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Justification: Self-Defense - Risk To Innocent Bystanders

Law Library - American Law and Legal InformationCrime and Criminal LawJustification: Self-Defense - History, Theories, Modern Law, Reasonableness, Necessary Force, Deadly Force And The Duty To Retreat

Risk to innocent bystanders

If a defender, who is justified in using force against an attacker, instead (or also) accidentally harms (or risks harm to) an innocent bystander, the defender does not lose the justification for harming the aggressor. Is the defender's harming the bystander also justified? Generally, the defendant's harm to the innocent bystander is also justified (Smith v. State, 419 S.E.2d 74 (Ga. Ct. App. 1992)). But the defendant may not be justified if he acts carelessly or endangers a large number of bystanders. Under the MPC, recklessly or negligently harming an innocent bystander would not be a justification for an offense in which recklessness or negligence suffices to establish culpability (section 3.09(3)).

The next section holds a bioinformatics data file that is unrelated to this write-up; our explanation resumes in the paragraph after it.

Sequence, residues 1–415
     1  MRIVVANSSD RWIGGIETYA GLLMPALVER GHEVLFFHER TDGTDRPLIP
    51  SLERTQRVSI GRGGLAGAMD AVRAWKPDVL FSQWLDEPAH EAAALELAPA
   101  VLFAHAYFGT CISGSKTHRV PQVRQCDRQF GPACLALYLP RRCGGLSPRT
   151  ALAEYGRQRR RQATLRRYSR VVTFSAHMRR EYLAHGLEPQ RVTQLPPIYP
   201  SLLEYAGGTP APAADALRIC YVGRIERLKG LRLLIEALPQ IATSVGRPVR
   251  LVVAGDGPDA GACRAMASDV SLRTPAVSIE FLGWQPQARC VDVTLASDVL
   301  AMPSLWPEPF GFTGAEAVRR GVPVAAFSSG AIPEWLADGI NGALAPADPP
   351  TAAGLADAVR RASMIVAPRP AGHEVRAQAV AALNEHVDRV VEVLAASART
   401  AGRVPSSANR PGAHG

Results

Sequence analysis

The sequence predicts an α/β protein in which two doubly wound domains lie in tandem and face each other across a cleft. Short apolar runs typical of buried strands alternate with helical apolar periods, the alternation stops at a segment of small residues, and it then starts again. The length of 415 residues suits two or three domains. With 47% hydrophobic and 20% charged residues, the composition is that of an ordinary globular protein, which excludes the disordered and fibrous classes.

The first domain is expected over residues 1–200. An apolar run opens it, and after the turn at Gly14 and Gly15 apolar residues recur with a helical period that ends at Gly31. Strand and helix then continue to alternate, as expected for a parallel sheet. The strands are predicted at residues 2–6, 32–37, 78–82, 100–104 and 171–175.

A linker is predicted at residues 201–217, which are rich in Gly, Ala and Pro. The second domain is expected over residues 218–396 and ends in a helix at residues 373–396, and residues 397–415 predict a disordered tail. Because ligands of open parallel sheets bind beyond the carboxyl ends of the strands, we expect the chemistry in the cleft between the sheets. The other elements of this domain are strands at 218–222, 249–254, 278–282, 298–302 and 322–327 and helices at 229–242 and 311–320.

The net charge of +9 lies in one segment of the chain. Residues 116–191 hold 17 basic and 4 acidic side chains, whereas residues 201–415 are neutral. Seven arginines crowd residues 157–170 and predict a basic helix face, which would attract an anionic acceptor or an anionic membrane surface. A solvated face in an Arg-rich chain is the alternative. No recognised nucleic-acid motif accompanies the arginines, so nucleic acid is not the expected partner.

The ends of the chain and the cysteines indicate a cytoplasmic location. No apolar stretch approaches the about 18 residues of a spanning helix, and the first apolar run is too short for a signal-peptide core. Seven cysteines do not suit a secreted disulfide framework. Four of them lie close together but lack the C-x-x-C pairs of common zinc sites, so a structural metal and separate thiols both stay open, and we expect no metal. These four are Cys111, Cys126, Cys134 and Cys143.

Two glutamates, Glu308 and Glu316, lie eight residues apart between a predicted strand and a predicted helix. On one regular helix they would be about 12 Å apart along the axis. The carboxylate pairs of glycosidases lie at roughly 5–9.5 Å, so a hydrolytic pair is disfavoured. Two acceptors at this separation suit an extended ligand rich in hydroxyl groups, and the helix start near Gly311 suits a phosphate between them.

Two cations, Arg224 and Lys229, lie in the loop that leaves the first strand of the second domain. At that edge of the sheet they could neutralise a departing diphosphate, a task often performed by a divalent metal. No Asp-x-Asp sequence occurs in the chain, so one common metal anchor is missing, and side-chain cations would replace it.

The issue becomes more difficult where it is unclear whether the innocent is a bystander or part of the threat. A famous hypothetical supposes that an aggressor is driving a tank, with a baby strapped to the front, at you intending to run over and kill you. Your only defense is to fire an anti-tank gun which you know will kill both the aggressor and the baby (Nozick). While the moral forfeiture theory would not find your killing the baby justifiable because the baby has not forfeited its rights by any culpable wrongdoing, the personal autonomy theory might justify the killing of the baby so as to prevent Wrong triumphing over Right. A utilitarian theory might also find that the killing of two to save one is not justified.

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